Thailand's national carrier to offload properties

Thailand's national carrier to offload properties

Thai Airways International expects to return to operating profitability in January after finalising its plan to sell some of its 34 local and overseas properties - worth several billion baht in total - as part of its turnaround effort.

Besides the property sales, the airline has discontinued several money-losing services, sold unused aircraft and implemented voluntary and early retirement programmes.

The property disposal plan will be executed in the next few months, according to Narongchai Wongthanavimok, the airline's executive vice president and chief financial officer.

"We have been discussing this plan for some time. Now, it's set to be finalised. We're selling office and staff accommodation in Thailand and abroad," he said.

In addition to property ownership, the airline holds shares in several hotels, but it remains unclear if they will also be offered for sale.

Due to fierce competition from low-cost airlines and inefficiency, the airline has faced big accumulated losses over the past several years, requiring it to undergo a business rehabilitation plan, which started January.

So far, THAI has cut its operating expenses by 6 per cent but has targeted 20 per cent to stay competitive and profitable.

The cost-cutting plan is supposed to be achieved in 18 months.

A large inventory of unused aircraft is another drag on its finances, with up to 17 jetliners needing to sold after 19 and 10 aircraft were sold earlier this year and in 2014, respectively.

Huge job cuts

The airline has targeted cutting 1,400 jobs via the voluntary and early retirement programmes.

In the first quarter, it reported total revenue of Bt51 billion (S$2 billion) and a net profit of Bt4.5 billion. The airline, however, posted a net loss of Bt15 billion in 2014, up by 29 per cent, or Bt3.5 billion, from the 2013 loss.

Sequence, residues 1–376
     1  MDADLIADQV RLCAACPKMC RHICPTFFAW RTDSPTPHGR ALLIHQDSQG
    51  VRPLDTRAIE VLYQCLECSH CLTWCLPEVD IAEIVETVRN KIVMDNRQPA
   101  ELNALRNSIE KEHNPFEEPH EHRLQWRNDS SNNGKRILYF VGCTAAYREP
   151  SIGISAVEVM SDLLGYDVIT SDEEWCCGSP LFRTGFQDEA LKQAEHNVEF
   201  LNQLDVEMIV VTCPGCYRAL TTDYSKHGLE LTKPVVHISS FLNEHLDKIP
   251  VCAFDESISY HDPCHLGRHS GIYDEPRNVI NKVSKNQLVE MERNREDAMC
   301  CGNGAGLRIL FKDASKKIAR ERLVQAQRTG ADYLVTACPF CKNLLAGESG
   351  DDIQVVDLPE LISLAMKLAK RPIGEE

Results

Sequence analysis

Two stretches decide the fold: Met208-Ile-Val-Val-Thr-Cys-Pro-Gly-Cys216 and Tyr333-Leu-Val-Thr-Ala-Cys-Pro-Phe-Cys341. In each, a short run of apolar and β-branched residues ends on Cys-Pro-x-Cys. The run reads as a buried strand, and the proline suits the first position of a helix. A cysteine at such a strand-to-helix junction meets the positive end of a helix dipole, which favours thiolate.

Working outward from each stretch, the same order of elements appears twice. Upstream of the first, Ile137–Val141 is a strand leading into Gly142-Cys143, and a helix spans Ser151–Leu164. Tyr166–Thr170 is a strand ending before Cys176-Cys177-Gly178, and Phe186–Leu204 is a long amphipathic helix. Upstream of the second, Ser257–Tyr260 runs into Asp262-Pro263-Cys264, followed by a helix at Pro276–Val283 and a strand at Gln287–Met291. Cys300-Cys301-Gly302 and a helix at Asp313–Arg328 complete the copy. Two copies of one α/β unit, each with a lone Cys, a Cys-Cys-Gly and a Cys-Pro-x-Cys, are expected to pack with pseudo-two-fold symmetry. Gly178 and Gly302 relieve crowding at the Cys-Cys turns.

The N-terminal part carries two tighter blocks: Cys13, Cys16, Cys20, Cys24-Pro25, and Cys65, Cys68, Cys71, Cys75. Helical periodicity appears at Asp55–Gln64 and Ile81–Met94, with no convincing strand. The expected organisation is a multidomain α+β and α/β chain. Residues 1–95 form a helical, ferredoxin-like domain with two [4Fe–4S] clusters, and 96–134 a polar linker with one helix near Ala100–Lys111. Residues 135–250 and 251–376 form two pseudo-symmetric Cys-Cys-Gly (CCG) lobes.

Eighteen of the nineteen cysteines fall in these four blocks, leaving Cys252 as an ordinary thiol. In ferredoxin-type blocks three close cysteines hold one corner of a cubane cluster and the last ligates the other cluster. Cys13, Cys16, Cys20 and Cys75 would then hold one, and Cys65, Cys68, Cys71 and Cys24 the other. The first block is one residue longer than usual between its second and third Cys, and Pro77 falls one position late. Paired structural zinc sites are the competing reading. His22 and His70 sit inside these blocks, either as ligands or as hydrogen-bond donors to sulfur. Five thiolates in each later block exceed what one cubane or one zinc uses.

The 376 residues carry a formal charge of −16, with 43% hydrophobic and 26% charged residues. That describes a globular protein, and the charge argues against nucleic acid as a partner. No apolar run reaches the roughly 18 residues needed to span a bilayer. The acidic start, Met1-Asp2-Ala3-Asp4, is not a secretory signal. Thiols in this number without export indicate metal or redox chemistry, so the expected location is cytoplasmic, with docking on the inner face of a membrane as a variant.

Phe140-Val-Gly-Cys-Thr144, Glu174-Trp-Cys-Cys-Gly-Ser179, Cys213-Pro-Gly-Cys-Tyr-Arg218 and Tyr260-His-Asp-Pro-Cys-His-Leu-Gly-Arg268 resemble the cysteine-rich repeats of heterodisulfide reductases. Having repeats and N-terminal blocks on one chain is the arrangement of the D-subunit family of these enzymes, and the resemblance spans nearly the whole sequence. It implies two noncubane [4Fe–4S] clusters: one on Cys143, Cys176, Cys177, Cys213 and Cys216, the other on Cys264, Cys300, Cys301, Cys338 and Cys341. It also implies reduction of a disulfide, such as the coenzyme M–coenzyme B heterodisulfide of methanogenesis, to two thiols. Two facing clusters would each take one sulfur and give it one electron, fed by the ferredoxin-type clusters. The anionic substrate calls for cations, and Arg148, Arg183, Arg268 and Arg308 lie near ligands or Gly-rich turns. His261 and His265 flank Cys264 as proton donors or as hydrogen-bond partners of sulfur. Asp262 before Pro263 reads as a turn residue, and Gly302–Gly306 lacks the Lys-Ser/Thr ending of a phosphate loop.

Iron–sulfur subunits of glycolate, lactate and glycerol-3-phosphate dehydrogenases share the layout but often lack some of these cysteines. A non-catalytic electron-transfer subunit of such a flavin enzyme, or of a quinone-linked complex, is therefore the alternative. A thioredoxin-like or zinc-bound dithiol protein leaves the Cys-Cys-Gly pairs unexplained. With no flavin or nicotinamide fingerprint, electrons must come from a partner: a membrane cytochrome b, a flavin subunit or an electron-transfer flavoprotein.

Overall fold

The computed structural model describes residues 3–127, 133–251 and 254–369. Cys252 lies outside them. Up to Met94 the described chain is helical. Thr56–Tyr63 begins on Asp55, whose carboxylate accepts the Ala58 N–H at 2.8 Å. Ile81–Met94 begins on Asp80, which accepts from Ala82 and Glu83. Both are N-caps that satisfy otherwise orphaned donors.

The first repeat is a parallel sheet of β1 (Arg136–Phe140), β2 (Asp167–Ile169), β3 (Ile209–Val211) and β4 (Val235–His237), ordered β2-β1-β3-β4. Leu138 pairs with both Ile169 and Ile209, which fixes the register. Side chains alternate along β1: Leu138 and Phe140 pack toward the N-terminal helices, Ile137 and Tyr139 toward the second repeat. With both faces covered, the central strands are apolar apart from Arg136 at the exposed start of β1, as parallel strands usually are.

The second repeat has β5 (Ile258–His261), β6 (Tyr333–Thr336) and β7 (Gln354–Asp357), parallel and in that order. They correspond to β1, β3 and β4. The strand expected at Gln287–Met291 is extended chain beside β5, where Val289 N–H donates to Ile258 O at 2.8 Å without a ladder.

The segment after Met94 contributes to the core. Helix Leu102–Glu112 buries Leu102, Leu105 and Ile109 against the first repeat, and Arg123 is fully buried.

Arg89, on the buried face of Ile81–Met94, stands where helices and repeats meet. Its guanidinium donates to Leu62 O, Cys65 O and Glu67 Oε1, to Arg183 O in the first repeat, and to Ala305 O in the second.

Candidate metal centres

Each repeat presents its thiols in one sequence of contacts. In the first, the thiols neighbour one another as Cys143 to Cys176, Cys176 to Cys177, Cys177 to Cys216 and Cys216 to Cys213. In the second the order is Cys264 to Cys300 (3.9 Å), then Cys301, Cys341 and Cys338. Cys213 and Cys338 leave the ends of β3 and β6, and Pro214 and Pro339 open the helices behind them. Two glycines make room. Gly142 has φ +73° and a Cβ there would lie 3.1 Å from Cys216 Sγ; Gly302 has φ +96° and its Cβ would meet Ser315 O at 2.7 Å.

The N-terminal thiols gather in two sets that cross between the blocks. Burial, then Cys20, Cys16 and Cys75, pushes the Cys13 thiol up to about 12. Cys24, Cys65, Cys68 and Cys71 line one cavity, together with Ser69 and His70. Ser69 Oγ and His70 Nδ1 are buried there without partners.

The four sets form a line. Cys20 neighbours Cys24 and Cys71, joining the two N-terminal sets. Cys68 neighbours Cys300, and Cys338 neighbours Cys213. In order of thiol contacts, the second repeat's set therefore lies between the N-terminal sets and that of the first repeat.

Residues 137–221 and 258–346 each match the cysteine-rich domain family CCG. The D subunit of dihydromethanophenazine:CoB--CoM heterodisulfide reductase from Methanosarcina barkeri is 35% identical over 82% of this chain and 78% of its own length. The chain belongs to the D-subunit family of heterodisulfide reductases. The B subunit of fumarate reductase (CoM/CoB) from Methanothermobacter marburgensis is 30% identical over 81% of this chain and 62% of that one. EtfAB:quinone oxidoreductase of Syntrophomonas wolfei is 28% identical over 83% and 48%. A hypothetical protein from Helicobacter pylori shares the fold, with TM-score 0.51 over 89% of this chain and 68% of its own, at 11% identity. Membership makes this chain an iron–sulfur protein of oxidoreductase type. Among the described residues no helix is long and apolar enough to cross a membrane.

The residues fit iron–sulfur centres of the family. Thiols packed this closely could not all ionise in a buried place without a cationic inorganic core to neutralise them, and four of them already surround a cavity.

As of March, THAI and its subsidiaries had total assets of Bt292 billion, a decrease of Bt15 billion, or 4.9 per cent, from December 2014.

Regarding loss-making services, the airline plans to suspend more flights, including from Bangkok to Los Angeles and Bangkok to Rome, from October 25.

For years the airline persisted with these routes, costing it more than Bt100 million per year.

Moreover, it will cut the frequency of its flights to Kolkata, and transfer the operations of three routes, Hyderabad in India, Changsha in China and Luang Prabang in Laos, to its subsidiary, THAI Smile.

Narongchai said the property disposal plan would be approved by the board of directors by September.

THAI owns 21 offices and staff accommodation properties around the country and another 13 properties overseas.

Narongchai said the decision on each property would be made carefully, based on various factors including utilisation, location, and market value.

Some of the 34 properties may be put on the market for sale immediately while others could be kept for further expansion or renovation.

The executive declined to be more specific but THAI president Charamporn Jotikasthira said earlier this week the sale would reduce operating costs.

Charamporn did not reveal the combined value of the properties, but said up to four offices in Sydney were among the first batch to be offered for sale.

The airline hopes to see a brighter future soon after implementing these moves to return to an operating profit.

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